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  4. 4. Diesel67 3:55 pm 01/25/2011

    Why are we counting only fatal attacks? You don’t have to be killed to be traumatized by a wild or even domestic animal. Dogs are carnivores, programmed by millions of years of evolution to hunt, bite, kill and eat. A large running mammal, e.g. me, rings the dinner bell. I’d rather not be the dinner or even sustain a nonfatal bite. Thank you.

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  5. 5. cccampbell38 6:57 pm 01/25/2011

    Still and all, it is wise to take appropriate precautions when in an area that "belongs" to a potentially dangerous animal. I remember an occasion when a friend and I started a hike in an area where a cougar had attacked a jogger. Before we started he donned a pair of running shoes. I, of course, had on hiking boots. I asked why the ultralight footwear and he replied that he wanted to be able to run fast should a cougar come after us. I opined that even with the best track shoes there was no way that he could outrun a cougar. He replied that he had no intension of trying to outrun the cougar. All he needed to do was outrun me!

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  6. 6. RachelNuwer 7:09 pm 01/25/2011

    Thanks for the comment, Slugg. While I can’t quantify this remark scientifically I’m still waiting for someone to prove me wrong…!

    Diesel67: I definitely agree that non-fatal animal attacks, bites, and stings do count! However, the database I used is compiled only of information taken from death certificates issued in the United States. I’d definitely love to take a look at any other stats on non-fatal animal encounters if you know of them.

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  7. 7. sunnystrobe 1:36 am 01/26/2011

    Phobias seem to point back to our deep history past, whether pre- or human; it must have made much more sense then than now to BEWARE A BEAR! Ironically enough, they encroach more on us again because we have encroached on THEIR habitats! Global warming here in Australia also brings out the besties, much more than before.
    C.G. Jungk spoke of ‘the collective unconscious’, and our fairy tales are like treasure troves of ‘pickled’ memories of the beginnings of time (ours that is).
    Poking with sticks into bee- or termite hives is a favourite pastime of our closest cousins, David Attenborough has shown us, and as such a clear sign of higher intelligence, which is not gender-specific! The fact that S.A. readers sometimes tend to take some details a bit personal just shows we are social animals identifying with our fellow primates! It’s the old Eve’olution game all over again…

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  8. 8. oldvic 10:48 am 01/26/2011

    The flip side of some risky behaviour is, of course, the advantage of discovery.

    Curiosity may have killed the cat, but it has helped save countless others.

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  9. 9. Beermathatman 12:00 pm 01/26/2011

    I think if we had always treated animals with love and respect we wouldn’t have to fear them now. Look at how some humans are able to walk with Lions and sleep in the same place with Gorilla’s.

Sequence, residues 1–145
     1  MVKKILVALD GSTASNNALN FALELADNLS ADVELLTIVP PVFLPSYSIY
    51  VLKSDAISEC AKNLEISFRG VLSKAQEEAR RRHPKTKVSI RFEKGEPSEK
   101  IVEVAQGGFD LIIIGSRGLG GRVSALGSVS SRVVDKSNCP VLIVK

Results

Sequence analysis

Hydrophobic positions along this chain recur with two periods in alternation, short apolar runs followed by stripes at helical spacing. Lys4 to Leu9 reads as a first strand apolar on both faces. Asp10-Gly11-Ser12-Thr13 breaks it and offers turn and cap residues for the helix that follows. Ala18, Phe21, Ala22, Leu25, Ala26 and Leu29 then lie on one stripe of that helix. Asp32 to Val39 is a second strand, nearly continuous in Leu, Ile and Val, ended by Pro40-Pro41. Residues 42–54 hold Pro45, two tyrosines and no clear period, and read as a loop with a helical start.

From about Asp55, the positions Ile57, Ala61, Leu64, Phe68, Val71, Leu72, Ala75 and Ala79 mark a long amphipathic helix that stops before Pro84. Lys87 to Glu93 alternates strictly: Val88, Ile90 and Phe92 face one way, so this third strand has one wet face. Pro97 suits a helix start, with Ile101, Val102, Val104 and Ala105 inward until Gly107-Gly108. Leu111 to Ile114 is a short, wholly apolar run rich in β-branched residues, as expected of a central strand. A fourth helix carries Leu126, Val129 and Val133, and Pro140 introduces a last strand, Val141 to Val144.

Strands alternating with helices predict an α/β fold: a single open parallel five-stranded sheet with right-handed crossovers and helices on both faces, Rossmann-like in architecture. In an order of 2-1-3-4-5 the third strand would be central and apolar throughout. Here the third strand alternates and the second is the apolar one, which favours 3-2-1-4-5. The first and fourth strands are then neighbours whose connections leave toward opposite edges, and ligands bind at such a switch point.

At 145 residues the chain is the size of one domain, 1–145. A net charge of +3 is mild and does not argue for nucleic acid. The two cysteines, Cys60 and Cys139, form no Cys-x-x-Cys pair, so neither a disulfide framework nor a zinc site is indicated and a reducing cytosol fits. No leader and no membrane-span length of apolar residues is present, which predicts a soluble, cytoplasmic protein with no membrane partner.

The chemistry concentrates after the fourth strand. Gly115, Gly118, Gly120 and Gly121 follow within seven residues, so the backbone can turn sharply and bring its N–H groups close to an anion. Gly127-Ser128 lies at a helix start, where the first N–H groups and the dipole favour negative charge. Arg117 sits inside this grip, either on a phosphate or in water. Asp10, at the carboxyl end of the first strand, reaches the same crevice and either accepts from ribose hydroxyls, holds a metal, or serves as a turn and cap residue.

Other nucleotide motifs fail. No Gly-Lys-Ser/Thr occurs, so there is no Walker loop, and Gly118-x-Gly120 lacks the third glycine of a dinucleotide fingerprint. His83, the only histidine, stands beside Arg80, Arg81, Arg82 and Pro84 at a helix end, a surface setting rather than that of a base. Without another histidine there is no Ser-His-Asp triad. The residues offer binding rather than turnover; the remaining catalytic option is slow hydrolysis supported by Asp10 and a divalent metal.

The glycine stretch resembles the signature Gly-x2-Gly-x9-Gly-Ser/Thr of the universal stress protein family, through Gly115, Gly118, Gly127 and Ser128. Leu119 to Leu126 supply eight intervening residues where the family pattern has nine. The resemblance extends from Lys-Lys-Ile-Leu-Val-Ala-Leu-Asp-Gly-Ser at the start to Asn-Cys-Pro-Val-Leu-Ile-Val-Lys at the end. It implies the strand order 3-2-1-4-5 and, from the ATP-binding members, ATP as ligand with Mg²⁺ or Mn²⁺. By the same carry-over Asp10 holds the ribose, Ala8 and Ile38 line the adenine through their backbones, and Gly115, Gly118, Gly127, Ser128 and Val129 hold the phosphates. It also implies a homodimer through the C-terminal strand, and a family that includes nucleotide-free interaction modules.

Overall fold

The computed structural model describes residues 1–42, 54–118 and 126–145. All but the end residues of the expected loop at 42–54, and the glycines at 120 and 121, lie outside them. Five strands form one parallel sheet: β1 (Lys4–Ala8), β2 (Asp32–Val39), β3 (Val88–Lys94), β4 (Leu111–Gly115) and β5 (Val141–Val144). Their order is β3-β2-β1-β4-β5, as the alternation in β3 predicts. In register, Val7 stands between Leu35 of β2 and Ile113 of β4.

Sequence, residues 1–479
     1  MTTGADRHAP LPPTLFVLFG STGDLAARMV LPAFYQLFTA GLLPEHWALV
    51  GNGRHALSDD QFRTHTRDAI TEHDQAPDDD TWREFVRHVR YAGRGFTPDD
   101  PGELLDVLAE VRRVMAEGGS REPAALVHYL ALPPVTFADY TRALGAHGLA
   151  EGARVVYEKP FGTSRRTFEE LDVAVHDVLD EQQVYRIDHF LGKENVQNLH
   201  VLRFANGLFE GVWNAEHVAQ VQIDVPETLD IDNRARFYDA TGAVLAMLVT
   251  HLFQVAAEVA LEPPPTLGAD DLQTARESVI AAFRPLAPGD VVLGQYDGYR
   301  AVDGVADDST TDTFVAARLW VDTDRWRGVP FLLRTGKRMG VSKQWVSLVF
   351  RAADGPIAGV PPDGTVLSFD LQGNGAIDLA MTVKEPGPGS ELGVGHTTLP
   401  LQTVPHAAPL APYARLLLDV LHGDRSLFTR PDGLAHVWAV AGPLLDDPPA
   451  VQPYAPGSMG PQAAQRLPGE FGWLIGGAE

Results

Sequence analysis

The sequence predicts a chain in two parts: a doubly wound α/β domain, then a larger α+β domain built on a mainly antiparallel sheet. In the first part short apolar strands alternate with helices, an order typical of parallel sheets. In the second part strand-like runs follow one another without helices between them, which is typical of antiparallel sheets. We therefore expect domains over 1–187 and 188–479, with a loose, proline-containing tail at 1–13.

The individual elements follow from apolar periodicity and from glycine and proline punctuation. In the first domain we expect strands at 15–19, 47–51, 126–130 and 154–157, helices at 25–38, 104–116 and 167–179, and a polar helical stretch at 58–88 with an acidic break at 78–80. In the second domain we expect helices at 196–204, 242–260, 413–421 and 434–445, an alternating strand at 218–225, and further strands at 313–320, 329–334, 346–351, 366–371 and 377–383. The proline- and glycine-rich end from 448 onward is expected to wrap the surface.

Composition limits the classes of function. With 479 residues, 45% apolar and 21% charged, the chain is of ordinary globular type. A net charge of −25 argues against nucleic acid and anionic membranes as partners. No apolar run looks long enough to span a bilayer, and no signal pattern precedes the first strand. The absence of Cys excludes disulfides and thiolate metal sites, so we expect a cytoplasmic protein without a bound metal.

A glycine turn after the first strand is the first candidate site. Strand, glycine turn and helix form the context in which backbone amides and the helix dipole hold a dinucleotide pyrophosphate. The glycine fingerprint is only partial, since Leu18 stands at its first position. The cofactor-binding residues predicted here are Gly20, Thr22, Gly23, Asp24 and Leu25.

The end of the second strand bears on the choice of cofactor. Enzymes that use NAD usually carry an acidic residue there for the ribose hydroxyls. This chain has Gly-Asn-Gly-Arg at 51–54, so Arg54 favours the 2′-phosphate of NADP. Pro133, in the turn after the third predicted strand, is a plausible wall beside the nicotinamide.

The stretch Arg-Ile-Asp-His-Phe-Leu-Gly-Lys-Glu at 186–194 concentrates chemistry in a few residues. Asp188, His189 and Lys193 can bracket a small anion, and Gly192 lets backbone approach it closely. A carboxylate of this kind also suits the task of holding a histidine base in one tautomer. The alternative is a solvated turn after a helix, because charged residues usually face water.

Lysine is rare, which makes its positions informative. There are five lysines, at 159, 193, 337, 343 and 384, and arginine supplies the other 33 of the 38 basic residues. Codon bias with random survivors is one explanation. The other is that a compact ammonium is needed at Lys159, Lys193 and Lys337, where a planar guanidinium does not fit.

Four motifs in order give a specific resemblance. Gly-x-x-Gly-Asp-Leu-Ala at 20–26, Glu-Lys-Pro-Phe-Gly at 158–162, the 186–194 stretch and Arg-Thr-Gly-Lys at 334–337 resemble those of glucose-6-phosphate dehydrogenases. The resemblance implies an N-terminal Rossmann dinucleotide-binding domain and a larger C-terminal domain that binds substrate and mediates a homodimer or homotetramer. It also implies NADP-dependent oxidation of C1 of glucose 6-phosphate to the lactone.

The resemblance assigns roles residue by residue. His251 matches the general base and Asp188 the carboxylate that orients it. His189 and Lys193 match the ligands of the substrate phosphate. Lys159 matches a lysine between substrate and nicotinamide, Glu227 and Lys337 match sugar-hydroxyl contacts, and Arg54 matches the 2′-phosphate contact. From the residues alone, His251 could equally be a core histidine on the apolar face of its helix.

Beermathatman
    http://www.beermatsadvertising.com

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  10. 10. andyappleseed 5:10 pm 01/26/2011

    Hey, just FYI: that photo is not of a bee hive, but of a swarm looking for a new place to build a hive. Bee colonies build their hives in cavities most of the time, hollow trees and stuff. And they’re usually pretty docile if you don’t mess with them.

    Nature lovers: please check out this video project I’m working on and submit some photos take a minute to submit some photos—->

    http://umbellularia.com/2011/01/hey-nature-kids-quick-action/

    Link to this
  11. 11. outsidethebox 5:50 pm 01/26/2011

    It was my understanding that the animal most responsible for deaths in the US was deer (as in running into them with an automobile).

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  12. 12. all4kindness2all 1:42 pm 01/28/2011

    My mind was expanded today as I learned that attacks don’t only come in the form of bites/stings or result in deaths, but also there are shag-attacks. So I am wondering if more there are more attempted shagging than other types of attacks … not sure if death resulted, whether we would know.

    Still, I certainly thought there was a greater risk of death from snakes than there seems to be but then I realized that we are more likely to encounter bees and there are lots more of them. What’s also not clear from just the statistics is our likely accessibility to these attackers and the difference in how many we might likely encounter.

    Link to this
  13. 13. all4kindness2all 1:44 pm 01/28/2011

    My mind was expanded today as I learned that attacks don’t only come in the form of bites/stings or result in deaths, but also there are shag-attacks. So I am wondering if more there are more attempted shagging than other types of attacks … not sure if death resulted, whether we would know.

    Still, I certainly thought there was a greater risk of death from snakes than there seems to be but then I realized that we are more likely to encounter bees and there are lots more of them. What’s also not clear from just the statistics is our likely accessibility to these attackers and the difference in how many we might likely encounter.

    Link to this
  14. 14. RachelNuwer 3:03 pm 01/29/2011

    Thanks for your comment, Andy. The bees in the photo are honey bees from the U Minh peat swamp forests of southern Vietnam, specifically Apis dorsata. In the case of this species, they are quite aggressive and form their nests on free-standing branches such as the one pictured.

    Link to this
  15. 15. bucketofsquid 9:54 am 02/1/2011

    Thanks for the link. Oddly enough the first thing I thought of when reading the article was cow related injuries. I’m very surprised there were no deaths.

    Link to this
  16. 16. bucketofsquid 9:56 am 02/1/2011

    It isn’t "man-bashing" when you state a proven truth.

    Link to this